Guest Post: Steeltown Entertainment celebrates the young talents of Take a Shot Contest
Falk School student Lenique Higgins presented with $1,000 award / photo courtesy Steeltown Entertainment
Take a Shot at Changing the World Film Festival showcases videos made by young filmmakers and awards $10,000 in prizes.
We’ve been exceptionally lucky. In a world filled with disease, inequality, violence, and poverty, we’ve been given the opportunity to hope by working with a generation of young people determined to change everything.
Two years ago, Steeltown Entertainment Project launched the “Take a Shot at Changing the World” Contest, a digital media initiative that asks middle and high school students throughout the region to make short films about their big ideas to change the world, or that tell stories of local events or people that had a global impact.
Since its inception, over 400 students from nearly 60 schools have submitted videos about topics and issues that are meaningful to them, ranging from Jonas Salk and the Polio Vaccine, to Mister Rogers’ and the Pittsburgh neighborhood, to climate change and how to put an end to bullying.
On May 20th, 2012, they gathered at the Heinz History Center for the first ever “Take a Shot at Changing the World” Film Festival, where they had the chance to see their films featured on the big screen, meet other young filmmakers, and share their experiences making movies. They came proud, bringing in tow parents, siblings, friends, and teachers, and they came eager, all wondering who would leave with over $10,000 in prizes, some of which would go to fund students’ big ideas and change the world.
Some of them had been working for months independently after reading about the contest in the paper, or meeting us at career fairs, while others, like the students at Greater Latrobe High School, or at Falk Laboratory School had teachers who had built this contest into their curricula. Passionate teachers have been vital to the contest’s success; our greatest challenge has been getting “Take a Shot” into schools. How do you get teachers, who already have so much to do, and have very specific standards to meet, to champion a new project? The key has been to connect with one incredible teacher at each school, someone who is willing to go above and beyond, even more than teachers already do, to encourage their students to take a shot.
One of our favorite aspects of this contest has been the diversity of fields and people involved. Sometimes, it’s a technology teacher who has adopted this into their classroom. Sometimes, a science teacher, or a phys ed teacher, or a librarian. Through this contest, we’ve been reminded that storytelling is a part of every field, crucial to every kind of person.
And the stories the students have told have been inspiring, to say the least. There’s the high school junior who made a film about his father’s muscular dystrophy and his plans to raise awareness and search for a cure. One middle school student composed a rap song and music video about David Lawrence’s contributions to greening Pittsburgh, while a team of students from the Western PA School for the Deaf made a film encouraging the use of rain barrels. A group of ninth-graders proposed a network and helpline composed of teens helping teens to combat depression. Thirteen year-old Maggie Mayer, the winner of the Globechanger’s Prize for Social Action is currently planning her trip to D.C. for the Jefferson Awards annual black-tie dinner alongside guests like General Petraeus and Harry Connick, Jr., where her project “Act as One,” which collects donations as small as one dollar to go towards basic needs for people around the world (vaccines, food, clean water, school books) will be featured. As a result of this contest, she will receive mentorship to get her project started, and her $2500 prize money will go towards getting it off the ground.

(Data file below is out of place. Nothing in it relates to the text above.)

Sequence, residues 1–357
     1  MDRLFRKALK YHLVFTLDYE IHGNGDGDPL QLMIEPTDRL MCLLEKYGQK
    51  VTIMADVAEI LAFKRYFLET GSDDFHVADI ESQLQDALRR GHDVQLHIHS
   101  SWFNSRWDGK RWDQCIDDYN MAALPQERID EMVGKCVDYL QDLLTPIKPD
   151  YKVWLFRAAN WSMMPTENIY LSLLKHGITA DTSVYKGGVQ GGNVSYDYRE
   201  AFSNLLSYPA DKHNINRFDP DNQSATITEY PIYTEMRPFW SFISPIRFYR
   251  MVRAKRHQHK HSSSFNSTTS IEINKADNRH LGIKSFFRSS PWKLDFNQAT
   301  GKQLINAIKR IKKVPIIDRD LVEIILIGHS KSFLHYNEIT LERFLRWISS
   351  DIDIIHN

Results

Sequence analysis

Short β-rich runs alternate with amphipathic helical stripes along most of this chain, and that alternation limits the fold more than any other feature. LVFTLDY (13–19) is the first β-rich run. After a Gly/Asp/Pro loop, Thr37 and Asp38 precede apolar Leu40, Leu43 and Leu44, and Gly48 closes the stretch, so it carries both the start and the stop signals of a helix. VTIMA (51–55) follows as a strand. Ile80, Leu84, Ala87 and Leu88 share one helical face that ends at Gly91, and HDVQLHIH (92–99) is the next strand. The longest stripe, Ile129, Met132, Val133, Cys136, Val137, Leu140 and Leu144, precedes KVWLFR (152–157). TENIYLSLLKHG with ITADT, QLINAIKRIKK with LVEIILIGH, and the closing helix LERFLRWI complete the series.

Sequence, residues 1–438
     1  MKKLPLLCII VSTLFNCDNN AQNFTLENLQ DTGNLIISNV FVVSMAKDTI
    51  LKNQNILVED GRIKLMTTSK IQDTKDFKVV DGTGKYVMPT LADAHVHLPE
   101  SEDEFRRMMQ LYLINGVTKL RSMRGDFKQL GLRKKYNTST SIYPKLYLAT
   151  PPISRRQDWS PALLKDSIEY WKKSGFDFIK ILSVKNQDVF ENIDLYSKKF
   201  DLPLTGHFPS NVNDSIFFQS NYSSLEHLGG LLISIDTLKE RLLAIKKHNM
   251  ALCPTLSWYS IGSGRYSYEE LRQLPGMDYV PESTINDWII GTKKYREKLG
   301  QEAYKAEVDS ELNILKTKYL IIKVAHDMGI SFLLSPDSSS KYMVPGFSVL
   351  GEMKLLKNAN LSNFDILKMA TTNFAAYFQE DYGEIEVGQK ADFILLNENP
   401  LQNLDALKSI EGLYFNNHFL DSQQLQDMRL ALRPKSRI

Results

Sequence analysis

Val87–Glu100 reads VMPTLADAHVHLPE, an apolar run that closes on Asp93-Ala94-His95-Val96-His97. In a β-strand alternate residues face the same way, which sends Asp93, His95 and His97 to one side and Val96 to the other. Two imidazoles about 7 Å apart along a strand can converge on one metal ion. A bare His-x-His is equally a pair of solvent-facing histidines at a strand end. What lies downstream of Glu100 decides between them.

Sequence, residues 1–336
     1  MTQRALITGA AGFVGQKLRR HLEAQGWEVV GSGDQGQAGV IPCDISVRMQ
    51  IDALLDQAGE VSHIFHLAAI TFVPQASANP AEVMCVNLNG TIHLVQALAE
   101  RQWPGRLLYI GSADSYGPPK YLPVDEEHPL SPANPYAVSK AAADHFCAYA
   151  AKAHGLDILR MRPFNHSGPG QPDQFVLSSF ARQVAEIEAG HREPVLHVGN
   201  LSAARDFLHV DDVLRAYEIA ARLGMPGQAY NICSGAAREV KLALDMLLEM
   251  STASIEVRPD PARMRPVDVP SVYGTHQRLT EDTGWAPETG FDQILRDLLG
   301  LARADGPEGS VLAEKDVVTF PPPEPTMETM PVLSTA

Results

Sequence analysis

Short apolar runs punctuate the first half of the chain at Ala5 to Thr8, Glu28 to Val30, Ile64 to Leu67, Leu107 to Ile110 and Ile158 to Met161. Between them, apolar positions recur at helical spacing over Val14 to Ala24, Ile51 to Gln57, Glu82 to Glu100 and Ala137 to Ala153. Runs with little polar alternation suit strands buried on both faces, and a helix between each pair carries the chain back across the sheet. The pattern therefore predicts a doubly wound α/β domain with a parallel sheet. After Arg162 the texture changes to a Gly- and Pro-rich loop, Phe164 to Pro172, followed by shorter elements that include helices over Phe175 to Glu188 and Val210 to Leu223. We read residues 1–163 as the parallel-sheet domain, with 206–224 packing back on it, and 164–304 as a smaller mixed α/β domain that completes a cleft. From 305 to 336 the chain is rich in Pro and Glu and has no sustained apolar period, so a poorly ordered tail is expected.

We are hopeful for the future not only because students want to change the world, but because when so much of our relation to media today revolves around consumption, they are finding ways to use it to create stories, relate to peers, and inspire others.
And perhaps this is what makes the Take a Shot Contest unique—in a time when the computer is so often a vehicle to avoid human interaction, when we spend entire days alone staring at screens and students tap away at keyboards instead of having conversations, Take A Shot uses digital media as a way to promote cooperation, collaboration, and communication. And it’s not only forcing students to engage with one another and with their communities, thinking critically about their collective pasts and futures, it has also facilitated partnerships between so many organizations throughout the region and beyond—the Heinz History Center, the Jefferson Awards, the Allegheny Intermediate Unit, the World Affairs Council, Rotary International and local Rotary chapters, the Bill and Melinda Gates Foundation, and individual parents and teachers who knew kids with the power to change the world and were just looking for their chance.
Changing the world isn’t easy, and moving forward, we need your help. This could be the start of something big, but only if we all work together to make a difference, if we all work together to ignite an interest (or should we say Spark?) in the hearts of young people—if we can get them early on to use media to raise awareness, inspire and educate others, to care about meaningful social issues, then even when the world seems daunting and depressing and impossible, it is also filled with hope.
Visit www.takeashotcontest.org to view the 2012 submissions yourself and stay tuned for the next contest!
Written by Rachel Shepherd, Program Manager, Steeltown Entertainment Project